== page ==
Four-time NASCAR Sprint Cup Series title-winner Jeff Gordon will make 2015 his last full season in the Sprint Cup Series.
Gordon, who entered NASCAR’s premier series full-time in 1993, made the announcement Thursday morning via a news release in which he dispelled the notion that he’d be retiring full-time.
“As a race car driver, much of what I’ve done throughout my life has been based on following my instincts and trying to make good decisions,” Gordon said in the release.
“I thought long and hard about my future this past year and during the offseason, and I’ve decided 2015 will be the last time I compete for a championship. I won’t use the ‘R-word’ because I plan to stay extremely busy in the years ahead, and there’s always the possibility I’ll compete in selected events, although I currently have no plans to do that.
“I don’t foresee a day when I’ll ever step away from racing. I’m a fan of all forms of motor sports, but particularly NASCAR. We have a tremendous product, and I’m passionate about the business and its future success. As an equity owner in Hendrick Motorsports, I’m a partner with Rick (Hendrick) and will remain heavily involved with the company for many years to come. It means so much to have the chance to continue working with the owner who took a chance on me and the incredible team that’s stood behind me every step of the way.
“Racing has provided a tremendous amount of opportunity that’s been extraordinarily rewarding and fulfilling in my life. The work we’re doing with the Jeff Gordon Children’s Foundation will continue to be extremely important to me. Outside the race car, my passion is pediatric cancer research, and my efforts will remain focused there when I’m no longer driving.
“I’ll explore opportunities for the next phase of my career, but my primary focus now and throughout 2015 will be my performance in the No. 24 Chevrolet. I’m going to pour everything I have into this season and look forward to the challenge of competing for one last championship. To everyone at NASCAR, my teammates, sponsors, competitors, friends, family, members of the media and especially our incredible fans, all I can say is thank you.”
Gordon, 43, has 92 victories and 77 pole positions in the Sprint Cup Series. He ranks third behind Richard Petty (200 wins) and David Pearson (105) on the all-time victory list.
“Jeff Gordon transcends NASCAR and will be celebrated as one of the greatest drivers to ever race,” NASCAR Chairman Brian France said in a statement. “We have all enjoyed watching his legend grow for more than two decades, and will continue to do so during his final full-time season. His prolonged excellence and unmatched class continue to earn him the admiration of fans across the globe. Today’s announcement is a bittersweet one. I’ll miss his competitive fire on a weekly basis, but I am also happy for Jeff and his family as they start a new chapter. On behalf of the entire NASCAR family, I thank Jeff for his years of dedication and genuine love for this sport, and wish him the very best in his final season.”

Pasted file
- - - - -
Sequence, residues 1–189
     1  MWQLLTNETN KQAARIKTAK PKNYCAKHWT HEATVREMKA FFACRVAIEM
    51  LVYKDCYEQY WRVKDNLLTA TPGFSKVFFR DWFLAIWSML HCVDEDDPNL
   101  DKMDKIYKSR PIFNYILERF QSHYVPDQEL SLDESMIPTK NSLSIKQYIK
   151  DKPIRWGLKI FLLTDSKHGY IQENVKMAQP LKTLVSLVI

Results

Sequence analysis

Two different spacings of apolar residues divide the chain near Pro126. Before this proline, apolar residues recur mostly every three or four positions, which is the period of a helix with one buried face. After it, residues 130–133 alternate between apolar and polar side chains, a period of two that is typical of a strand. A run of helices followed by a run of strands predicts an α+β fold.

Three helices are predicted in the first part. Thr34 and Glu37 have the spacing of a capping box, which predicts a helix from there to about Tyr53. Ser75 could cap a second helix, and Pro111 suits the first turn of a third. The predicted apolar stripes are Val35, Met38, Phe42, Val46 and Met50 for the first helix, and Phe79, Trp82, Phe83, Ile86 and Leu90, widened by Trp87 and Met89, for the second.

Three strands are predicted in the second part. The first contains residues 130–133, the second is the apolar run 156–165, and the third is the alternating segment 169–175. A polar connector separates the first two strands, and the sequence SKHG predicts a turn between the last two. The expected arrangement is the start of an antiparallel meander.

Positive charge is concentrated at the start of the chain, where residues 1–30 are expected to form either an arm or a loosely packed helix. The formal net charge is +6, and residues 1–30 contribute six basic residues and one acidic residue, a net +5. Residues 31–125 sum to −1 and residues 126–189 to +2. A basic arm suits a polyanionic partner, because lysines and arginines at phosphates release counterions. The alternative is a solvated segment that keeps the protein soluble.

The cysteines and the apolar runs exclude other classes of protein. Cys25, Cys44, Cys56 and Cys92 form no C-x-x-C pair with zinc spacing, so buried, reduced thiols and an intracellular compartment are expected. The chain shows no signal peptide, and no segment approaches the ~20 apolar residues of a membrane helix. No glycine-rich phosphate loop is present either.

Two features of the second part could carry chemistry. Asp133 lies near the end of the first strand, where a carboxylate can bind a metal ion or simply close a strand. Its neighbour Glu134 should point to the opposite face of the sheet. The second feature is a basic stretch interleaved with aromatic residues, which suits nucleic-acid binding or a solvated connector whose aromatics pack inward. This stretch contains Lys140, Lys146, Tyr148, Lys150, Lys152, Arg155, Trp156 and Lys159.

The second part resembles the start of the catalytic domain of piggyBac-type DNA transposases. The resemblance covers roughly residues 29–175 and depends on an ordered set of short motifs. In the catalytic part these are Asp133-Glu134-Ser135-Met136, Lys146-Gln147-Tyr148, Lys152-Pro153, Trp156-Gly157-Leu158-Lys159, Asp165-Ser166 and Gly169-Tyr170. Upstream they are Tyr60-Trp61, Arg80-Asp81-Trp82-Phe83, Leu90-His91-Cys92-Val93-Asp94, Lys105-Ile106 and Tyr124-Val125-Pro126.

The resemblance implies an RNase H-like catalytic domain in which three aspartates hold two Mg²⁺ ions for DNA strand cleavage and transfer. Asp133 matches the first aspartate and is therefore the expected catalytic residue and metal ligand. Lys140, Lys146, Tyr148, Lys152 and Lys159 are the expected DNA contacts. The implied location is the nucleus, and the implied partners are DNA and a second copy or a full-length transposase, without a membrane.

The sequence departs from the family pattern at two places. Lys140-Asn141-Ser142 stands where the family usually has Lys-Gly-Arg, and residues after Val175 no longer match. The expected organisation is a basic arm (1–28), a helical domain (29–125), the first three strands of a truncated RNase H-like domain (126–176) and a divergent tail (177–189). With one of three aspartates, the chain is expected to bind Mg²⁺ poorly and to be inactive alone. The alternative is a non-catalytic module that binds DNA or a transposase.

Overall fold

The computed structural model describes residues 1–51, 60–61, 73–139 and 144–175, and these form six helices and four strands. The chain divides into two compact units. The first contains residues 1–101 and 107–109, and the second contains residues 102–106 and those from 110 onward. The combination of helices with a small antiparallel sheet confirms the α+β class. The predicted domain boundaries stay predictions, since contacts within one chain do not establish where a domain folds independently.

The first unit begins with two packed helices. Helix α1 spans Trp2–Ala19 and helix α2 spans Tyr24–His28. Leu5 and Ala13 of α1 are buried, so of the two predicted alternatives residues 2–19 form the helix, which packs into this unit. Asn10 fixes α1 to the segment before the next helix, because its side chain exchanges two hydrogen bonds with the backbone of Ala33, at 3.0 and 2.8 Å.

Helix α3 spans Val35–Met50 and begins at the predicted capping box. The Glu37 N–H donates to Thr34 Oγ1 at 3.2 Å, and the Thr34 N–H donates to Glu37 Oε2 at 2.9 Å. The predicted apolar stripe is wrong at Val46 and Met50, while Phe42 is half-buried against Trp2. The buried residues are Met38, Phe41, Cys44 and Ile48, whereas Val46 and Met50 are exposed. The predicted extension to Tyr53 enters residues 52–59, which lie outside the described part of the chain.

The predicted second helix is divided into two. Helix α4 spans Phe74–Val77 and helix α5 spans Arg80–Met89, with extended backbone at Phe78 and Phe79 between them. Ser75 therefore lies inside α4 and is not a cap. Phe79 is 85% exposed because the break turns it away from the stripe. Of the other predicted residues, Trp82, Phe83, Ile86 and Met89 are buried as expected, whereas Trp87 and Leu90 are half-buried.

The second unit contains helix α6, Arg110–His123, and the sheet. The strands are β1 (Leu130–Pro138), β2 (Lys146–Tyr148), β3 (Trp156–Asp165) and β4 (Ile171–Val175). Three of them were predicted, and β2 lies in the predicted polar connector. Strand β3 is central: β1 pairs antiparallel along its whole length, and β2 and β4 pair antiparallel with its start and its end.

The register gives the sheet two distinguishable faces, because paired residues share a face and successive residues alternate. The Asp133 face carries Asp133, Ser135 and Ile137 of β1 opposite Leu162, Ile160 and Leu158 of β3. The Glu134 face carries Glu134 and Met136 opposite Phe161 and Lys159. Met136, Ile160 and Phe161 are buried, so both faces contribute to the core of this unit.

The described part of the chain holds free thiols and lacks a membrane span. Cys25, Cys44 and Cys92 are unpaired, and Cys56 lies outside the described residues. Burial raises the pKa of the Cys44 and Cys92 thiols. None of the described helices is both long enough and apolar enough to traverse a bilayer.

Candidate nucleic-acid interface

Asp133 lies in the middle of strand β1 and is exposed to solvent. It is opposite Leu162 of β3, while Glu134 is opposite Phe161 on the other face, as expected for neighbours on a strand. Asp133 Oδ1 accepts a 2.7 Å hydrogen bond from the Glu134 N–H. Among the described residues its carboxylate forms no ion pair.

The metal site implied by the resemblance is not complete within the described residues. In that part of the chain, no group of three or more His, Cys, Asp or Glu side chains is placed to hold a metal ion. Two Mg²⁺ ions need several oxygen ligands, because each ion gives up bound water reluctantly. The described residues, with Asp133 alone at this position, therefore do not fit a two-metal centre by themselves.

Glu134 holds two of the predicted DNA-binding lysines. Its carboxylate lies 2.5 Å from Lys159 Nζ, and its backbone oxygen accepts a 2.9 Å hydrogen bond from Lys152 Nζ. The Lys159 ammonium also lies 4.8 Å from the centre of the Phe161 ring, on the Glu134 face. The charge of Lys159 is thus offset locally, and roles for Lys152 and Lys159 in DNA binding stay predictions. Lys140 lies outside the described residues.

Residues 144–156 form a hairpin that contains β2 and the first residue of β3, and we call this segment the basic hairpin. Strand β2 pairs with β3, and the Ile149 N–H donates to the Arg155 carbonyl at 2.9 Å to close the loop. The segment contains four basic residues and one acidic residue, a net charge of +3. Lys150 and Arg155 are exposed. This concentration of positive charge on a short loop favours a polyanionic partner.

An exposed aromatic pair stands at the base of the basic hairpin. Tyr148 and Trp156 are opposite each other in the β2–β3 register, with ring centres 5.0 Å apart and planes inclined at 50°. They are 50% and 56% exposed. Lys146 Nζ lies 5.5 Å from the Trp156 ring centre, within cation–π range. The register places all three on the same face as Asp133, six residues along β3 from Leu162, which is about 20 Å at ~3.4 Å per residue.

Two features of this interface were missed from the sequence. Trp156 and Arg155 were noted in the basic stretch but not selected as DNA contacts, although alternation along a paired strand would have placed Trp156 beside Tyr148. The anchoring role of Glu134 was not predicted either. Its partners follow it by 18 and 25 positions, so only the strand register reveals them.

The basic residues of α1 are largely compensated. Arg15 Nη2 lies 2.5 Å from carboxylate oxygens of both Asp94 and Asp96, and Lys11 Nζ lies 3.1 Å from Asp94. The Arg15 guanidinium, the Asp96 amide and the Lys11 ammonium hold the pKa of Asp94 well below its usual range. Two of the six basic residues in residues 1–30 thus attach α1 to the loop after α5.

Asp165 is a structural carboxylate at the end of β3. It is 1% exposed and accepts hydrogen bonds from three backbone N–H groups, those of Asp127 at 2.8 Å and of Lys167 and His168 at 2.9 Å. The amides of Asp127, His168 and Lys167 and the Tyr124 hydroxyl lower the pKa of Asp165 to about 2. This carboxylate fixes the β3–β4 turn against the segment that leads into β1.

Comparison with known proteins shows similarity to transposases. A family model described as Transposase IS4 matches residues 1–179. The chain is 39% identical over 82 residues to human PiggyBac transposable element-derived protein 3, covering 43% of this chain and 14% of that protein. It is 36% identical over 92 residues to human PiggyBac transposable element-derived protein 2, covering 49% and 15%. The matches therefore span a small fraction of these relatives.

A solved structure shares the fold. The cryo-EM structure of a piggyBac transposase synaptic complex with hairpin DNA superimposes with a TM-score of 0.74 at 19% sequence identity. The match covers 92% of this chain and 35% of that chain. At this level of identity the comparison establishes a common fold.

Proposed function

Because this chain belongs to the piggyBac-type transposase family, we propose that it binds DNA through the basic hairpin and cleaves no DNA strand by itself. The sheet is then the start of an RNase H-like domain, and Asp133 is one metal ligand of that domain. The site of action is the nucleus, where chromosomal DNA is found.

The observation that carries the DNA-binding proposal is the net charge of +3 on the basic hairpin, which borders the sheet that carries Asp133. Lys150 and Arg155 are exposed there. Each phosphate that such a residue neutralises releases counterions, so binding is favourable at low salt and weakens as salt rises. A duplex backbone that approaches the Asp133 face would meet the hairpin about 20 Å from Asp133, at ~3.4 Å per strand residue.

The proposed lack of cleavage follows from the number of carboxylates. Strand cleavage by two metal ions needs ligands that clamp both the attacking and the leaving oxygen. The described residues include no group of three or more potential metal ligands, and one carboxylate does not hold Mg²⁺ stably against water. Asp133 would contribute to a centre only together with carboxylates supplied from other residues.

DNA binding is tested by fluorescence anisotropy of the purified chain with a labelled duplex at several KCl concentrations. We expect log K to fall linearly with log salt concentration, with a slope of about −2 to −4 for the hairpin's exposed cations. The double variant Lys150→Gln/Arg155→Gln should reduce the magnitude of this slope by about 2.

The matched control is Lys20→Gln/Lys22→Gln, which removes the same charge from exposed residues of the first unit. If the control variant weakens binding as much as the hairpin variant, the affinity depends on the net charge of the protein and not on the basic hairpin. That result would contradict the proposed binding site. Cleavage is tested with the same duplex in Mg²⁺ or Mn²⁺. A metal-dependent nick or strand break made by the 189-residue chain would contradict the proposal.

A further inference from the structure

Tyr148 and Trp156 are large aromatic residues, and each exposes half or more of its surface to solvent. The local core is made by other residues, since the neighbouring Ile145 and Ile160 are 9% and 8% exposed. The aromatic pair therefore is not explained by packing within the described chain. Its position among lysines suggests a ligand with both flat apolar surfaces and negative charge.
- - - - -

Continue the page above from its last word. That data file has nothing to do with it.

Teammates Dale Earnhardt Jr. and Jimmie Johnson also tweeted about the news.
Hall of Fame driver and current NASCAR on Fox analyst Darrell Waltrip dubbed Gordon as the greatest driver of all time and credited him for expanding NASCAR’s popularity to new levels.
“While he has nothing left to prove to the rest of us, Jeff probably has some personal goals in 2015,” Waltrip said in a statement. “He’d like to win 100 races, but he knows that might be a stretch. It’s hard to win four in a season, let alone eight. And of course, he’d like to another championship.
“A part-time Jeff Gordon behind the wheel isn’t a bad thing, either. When I was at the end of my career, there were some tracks I still enjoyed competing on – and even would today. Jeff has stayed with [team owner] Rick [Hendrick] his entire career and has been committed to that organization. Their relationship has paid huge dividends. Jeff has driven the same number with the same team for his entire career, a continuity that reminds me a lot of the Petty era.”
Texas Motor Speedway president Eddie Gossage said he’d enjoyed knowing Gordon since the days when he “was a teenager with a really bad mustache.”
“It has been thrilling to watch him develop from a promising Busch Series driver into perhaps the greatest professional our sport has ever seen,” the flamboyant promoter continued. “Jeff showed last season that he still has a burning desire to win races and championships. You won’t find a finer professional, person or charitable athlete.
“We have been fortunate to be associated with him for all of these years. I’m sure all fans, even of the other drivers, will want to show their appreciation to Jeff this year.”